Sunday, February 11, 2018

Questions of A Man - candid, sincere and very timely (Dylan Quinn & Jenny Ecke at Lyric Theatre)

Questions of A Man brings together a series of reflections on masculinity. It's the start of dancer Dylan Quinn's conscious process of questioning himself about his actions: starting with his childhood memory of crawling under his desk to look up his teacher's skirt, to the fear he now realises that he can instil in others by walking into a room burdened by misplaced and overwrought expectations.

The opening sequence between Quinn and his dance partner Jenny Ecke - he casually gets her name wrong and it doesn't bother him as the first of many male-isms - cycles through a series of physical male manoeuvres that take advantage of women. And as Ecke becomes more assertive and aggressive in subsequent replays, Quinn becomes angry and bitter towards her. His clown-like makeup doesn't make it funny and doesn't excuse his behaviour.

Other routines mime along to a Radio 4 Women's Hour discussion about domestic abuse, with hand gestures accentuating the worrying undertones in the male contributor's argument, a confession about familial power imbalances that cause the past behaviour of other men to echo into the present, and a mirrored piece in which the inner male monster loses its disguise and is exposed in devilish detail by Tom Feehily's lighting.

Quinn's Questions of A Man is accessible and, for me, much less obscure than his previous pieces that I've reviewed over the last few years. The 5th Province in January 2015 was my introduction to dance - and the first and, to date, last time political blog Slugger O'Toole hosted a dance review! - while March 2016's Tost raised more questions about communications than I could find answers.

Future pop songs may all be judged by the Quinn method of dancing in a giant penis outfit to test whether the words are respectful or sexually outrageous. Robin Thicke's Blurred Lines ("I'll give you something big enough to tear your ass in two … Not many women can refuse this pimping … Do it like it hurt, like it hurt") débuted at number one in the UK Singles Chart on 2 June 2013, was banned from being played in Queen's University Belfast amongst a number of other colleges, and became the most downloaded song of all time in the UK in April 2014.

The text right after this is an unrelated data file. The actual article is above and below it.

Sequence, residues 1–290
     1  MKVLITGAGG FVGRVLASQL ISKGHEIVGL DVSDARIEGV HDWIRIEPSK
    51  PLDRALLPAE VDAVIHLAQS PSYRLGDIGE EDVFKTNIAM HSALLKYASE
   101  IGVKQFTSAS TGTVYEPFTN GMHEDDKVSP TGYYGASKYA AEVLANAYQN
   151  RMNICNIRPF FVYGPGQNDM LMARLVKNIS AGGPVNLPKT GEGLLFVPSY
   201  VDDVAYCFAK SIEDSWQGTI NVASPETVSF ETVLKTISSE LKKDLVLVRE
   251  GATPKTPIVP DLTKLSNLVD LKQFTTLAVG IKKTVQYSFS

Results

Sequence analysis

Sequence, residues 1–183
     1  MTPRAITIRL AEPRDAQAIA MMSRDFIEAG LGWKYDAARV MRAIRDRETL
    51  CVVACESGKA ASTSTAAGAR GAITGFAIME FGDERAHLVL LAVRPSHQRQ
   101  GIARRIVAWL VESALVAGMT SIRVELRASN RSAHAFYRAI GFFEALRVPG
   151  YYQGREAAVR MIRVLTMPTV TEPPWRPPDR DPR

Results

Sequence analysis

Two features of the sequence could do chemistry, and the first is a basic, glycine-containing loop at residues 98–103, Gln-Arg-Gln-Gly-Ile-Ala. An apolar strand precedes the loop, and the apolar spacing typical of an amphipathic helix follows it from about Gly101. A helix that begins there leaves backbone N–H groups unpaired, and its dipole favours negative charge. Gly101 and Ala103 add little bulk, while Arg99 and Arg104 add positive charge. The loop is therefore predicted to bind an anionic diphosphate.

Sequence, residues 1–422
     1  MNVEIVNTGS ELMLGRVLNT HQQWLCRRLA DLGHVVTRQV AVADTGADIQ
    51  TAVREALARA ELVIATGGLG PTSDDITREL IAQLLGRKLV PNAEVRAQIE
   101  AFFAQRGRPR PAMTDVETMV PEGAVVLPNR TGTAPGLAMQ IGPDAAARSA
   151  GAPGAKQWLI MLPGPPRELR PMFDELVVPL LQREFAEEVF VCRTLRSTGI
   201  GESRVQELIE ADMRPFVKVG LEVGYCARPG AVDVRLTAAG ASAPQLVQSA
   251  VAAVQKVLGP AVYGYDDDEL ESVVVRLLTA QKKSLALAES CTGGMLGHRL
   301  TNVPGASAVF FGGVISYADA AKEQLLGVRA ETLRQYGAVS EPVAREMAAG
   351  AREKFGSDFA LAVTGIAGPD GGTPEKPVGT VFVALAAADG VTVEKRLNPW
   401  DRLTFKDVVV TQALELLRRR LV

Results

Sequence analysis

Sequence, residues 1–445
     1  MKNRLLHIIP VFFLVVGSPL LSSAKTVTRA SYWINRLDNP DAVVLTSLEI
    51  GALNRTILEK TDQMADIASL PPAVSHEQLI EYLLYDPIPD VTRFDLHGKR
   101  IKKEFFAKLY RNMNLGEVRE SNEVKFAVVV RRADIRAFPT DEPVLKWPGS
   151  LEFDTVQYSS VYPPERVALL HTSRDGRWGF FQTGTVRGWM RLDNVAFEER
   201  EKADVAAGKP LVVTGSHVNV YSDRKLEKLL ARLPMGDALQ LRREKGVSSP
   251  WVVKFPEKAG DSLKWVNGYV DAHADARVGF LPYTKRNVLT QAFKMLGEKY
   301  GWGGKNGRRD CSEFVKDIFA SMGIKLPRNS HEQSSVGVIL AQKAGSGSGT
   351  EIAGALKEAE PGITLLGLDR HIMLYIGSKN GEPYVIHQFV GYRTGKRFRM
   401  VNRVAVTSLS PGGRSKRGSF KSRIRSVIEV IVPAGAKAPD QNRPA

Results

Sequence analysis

Dylan struggles to get out of his phallic suit … while Ecke quietly sips her cup of tea. When she finds her voice in a later sequence, it's dripping with sarcasm. Later Quinn sweeps himself under a carpet as Ridley Scott explains the reasons - commercial overriding moral - behind the replacement of Kevin Spacey with Christopher Plummer in his latest film All The Money In The World.

This is not a piece in which a woman's voice and perspective on Quinn's profession of guilt or complicity will be directly heard. It's a confessional piece publicly marking the start of one man's wrestling with what it should and shouldn't mean to be male and masculine. But the questions are there for everyone, no matter their gender.

Jenny's slightly disdainful façade throughout the show is perhaps a deliberate mocking of Dylan's belated recognition - "about bloody time" she might even be thinking - that masculinity has been used as a cover for the abuse of women over the years. It perhaps excuses the show's near mansplaining about the issue which has finally become embedded as a societal talking point over the past few months.

If the Lyric's other show The Threepenny Opera is opera-lite, then Questions of A Man could be labelled as dance-lite. That's not to downplay the physical control and the choreographed movements and dialogue. But while dance is the medium, the conversation on-stage and in the foyer and bar afterwards is the message. Immediately after the show, the Lyric was buzzing with members discussing their own actions and contributions towards poor images of masculinity … and femininity.

Questions of A Man is candid, sincere and very timely.

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Update: It's always good when a review starts a conversation. Dylan Quinn has responded to the review above and I've captured his thoughts at the end of this blog post to make sure they don't get lost.
I don’t often respond to reviews, I respect and appreciate the time taken to review the work we create. Alan Meban has been great at taking up the challenge of viewing contemporary dance and our work and for that I am very grateful. I have chosen to respond to this review as I feel the issue is important considering the content of the piece.

We hear the point that the piece was questioned for near mansplaining about the issue, we had questioned this during the process …. however we intended to be man explaining, man exploring and hopefully then men reflecting. It is true that it does not represent a woman's voice however it is the product of having listened to these voices very carefully because without men entering into the debate and owning their own behaviour and mistakes, not in a default self-defensive mode but with an openness that demonstrates a commitment to re-evaluating their behaviour, things are unlikely to change.

Some of the work is indeed very personal and some is observational, it may at times appear confessional however this was not our primary concern/focus. We hope and believe that in exploring the personal on stage we can enable the person off stage to be reflective.

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